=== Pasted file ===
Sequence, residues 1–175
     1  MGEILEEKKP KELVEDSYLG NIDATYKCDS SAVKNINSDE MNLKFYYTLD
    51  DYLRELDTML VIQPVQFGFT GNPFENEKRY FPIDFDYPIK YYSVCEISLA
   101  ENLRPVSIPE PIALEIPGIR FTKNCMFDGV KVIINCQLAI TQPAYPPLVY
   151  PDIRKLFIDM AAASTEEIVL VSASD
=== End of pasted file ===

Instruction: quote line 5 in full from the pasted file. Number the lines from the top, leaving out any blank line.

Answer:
   151  PDIRKLFIDM AAASTEEIVL VSASD